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Is "Web of Trust" good or bad?


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#1 razz3333

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Posted 07 April 2017 - 10:21 AM

Forgive me if I'm posting in the wrong forum.

 

As most of you likely know, in November last year Web Of Trust was removed from Firefox & Chrome add-ons.

 

A portion of an article ( http://www.digitaltr...s-wot-add-on/ ) from Digital Trends, dated January 26/17, states the following:

 

Mozilla’s Firefox browser is apparently disabling the WOT add-on and marking it as suspicious based on concerns over the protection of user data. Apparently, WOT was previously identified as a problem add-on and removed from the list of available add-ons, and now those users who still have WOT installed in Firefox are no longer able to use it

 

I'm a little confused now because I discovered WOT is back again in the Google Chrome Web Store (updated March 27/17).

 

I have 3 questions:

 

1) In your opinion, is WOT good to use or should it be avoided?

 

2) Has anyone used "Bitdefender Traffic Light" which will also (like WOT) display an icon on links within Facebook?  

 

3) Are there any other add-ons (that you would recommend) that I can use in Chrome that would display an icon on links within Facebook?

 

Thanks for your time!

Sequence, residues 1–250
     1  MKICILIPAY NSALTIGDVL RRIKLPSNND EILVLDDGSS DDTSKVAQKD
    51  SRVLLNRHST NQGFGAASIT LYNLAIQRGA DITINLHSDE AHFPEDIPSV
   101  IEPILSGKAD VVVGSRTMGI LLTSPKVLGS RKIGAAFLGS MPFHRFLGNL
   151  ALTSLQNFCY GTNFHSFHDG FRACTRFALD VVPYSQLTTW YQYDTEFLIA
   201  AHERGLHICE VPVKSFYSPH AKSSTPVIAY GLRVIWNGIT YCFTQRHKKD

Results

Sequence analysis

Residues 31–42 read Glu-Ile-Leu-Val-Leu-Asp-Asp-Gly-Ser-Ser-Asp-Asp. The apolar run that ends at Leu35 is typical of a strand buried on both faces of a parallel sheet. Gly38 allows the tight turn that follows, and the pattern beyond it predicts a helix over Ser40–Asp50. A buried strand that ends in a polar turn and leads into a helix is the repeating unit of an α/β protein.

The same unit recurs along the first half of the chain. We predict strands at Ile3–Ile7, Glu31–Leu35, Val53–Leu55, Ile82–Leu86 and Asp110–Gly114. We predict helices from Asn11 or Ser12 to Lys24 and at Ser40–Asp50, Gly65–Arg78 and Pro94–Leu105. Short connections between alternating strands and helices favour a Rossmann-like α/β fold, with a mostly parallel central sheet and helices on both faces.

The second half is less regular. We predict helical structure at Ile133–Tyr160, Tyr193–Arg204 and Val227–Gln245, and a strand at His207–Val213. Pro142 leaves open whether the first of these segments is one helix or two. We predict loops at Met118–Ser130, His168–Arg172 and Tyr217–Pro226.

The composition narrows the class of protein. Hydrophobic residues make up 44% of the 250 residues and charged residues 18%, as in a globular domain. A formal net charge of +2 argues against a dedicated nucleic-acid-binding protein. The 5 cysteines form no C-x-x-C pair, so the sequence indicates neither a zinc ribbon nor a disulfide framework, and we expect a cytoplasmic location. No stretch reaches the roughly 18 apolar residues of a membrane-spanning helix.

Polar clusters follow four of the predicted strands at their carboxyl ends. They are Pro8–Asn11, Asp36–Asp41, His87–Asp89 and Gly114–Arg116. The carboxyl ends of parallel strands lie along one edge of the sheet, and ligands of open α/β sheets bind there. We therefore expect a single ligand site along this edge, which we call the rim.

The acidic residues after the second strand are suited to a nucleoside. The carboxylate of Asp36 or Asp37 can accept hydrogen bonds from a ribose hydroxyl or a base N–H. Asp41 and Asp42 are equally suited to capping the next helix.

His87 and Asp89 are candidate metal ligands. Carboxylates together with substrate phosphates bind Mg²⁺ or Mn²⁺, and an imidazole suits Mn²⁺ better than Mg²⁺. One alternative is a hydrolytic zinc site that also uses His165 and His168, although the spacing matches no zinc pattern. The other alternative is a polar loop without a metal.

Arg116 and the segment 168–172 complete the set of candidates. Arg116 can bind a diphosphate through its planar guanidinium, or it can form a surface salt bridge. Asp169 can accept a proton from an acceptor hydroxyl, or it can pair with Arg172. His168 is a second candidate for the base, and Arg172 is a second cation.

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#2 quietman7

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Posted 11 April 2017 - 06:04 AM

Many site rating vendors (i.e. McAfee WebAdvisor (formerly SiteAdvisor), WOT, Google's Safe Browsing, Avira Scout browser, Symantec WS.Reputation.1, Webutation, avast! Online Security Plugin (formerly WebRep), etc) use a system of volunteer testers that continually patrol the Internet to browse sites, download files, and submit information. All the results are documented and supplemented with feedback from users, Web site owners, and analysis from their own employees. The advising site vendor then summarizes the results typically into a color-coded red, yellow and green ratings scale to help inform Web users as to the safety of each tested site. While these tools are useful, they are not foolproof and sometimes may provide misleading ratings. Just because you visit a risky site, that does not automatically mean the site is bad or that your system has been infected by going there. In contrast, going to a safe site could even prompt a warning. There are legitimate programs available on web sites which are falsely detected by various anti-virus programs from time to time. This sometimes results in an inaccurate site rating/warning of potentially dangerous software when that is not the case. The use of rating sites does not always guarantee an accurate rating of the results they provide and can provide a false sense of security especially for the novice user.